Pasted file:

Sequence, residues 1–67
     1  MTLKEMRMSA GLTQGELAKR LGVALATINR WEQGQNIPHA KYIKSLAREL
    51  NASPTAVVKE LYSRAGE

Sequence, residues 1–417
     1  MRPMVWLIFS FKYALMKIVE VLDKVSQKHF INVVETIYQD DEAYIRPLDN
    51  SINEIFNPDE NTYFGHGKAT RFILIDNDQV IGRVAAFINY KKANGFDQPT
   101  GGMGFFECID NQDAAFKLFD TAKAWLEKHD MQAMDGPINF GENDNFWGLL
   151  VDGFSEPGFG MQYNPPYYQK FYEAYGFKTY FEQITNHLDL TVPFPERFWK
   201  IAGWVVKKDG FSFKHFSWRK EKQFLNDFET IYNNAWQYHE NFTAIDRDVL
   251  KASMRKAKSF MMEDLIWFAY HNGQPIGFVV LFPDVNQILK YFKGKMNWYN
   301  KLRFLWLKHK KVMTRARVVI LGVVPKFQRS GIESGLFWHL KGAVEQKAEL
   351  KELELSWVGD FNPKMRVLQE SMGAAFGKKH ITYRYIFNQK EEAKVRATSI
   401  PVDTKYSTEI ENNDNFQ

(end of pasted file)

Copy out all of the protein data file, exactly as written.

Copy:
Sequence, residues 1–67
     1  MTLKEMRMSA GLTQGELAKR LGVALATINR WEQGQNIPHA KYIKSLAREL
    51  NASPTAVVKE LYSRAGE

Sequence, residues 1–417
     1  MRPMVWLIFS FKYALMKIVE VLDKVSQKHF INVVETIYQD DEAYIRPLDN
    51  SINEIFNPDE NTYFGHGKAT RFILIDNDQV IGRVAAFINY KKANGFDQPT
   101  GGMGFFECID NQDAAFKLFD TAKAWLEKHD MQAMDGPINF GENDNFWGLL
   151  VDGFSEPGFG MQYNPPYYQK FYEAYGFKTY FEQITNHLDL TVPFPERFWK
   201  IAGWVVKKDG FSFKHFSWRK EKQFLNDFET IYNNAWQYHE NFTAIDRDVL
   251  KASMRKAKSF MMEDLIWFAY HNGQPIGFVV LFPDVNQILK YFKGKMNWYN
   301  KLRFLWLKHK KVMTRARVVI LGVVPKFQRS GIESGLFWHL KGAVEQKAEL
   351  KELELSWVGD FNPKMRVLQE SMGAAFGKKH ITYRYIFNQK EEAKVRATSI
   401  PVDTKYSTEI ENNDNFQ